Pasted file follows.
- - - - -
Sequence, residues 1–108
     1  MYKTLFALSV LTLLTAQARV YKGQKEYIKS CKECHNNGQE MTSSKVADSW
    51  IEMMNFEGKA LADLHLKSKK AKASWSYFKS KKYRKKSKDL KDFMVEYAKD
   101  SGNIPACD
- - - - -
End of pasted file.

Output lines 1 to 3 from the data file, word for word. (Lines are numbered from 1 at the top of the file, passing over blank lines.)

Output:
Sequence, residues 1–108
     1  MYKTLFALSV LTLLTAQARV YKGQKEYIKS CKECHNNGQE MTSSKVADSW
    51  IEMMNFEGKA LADLHLKSKK AKASWSYFKS KKYRKKSKDL KDFMVEYAKD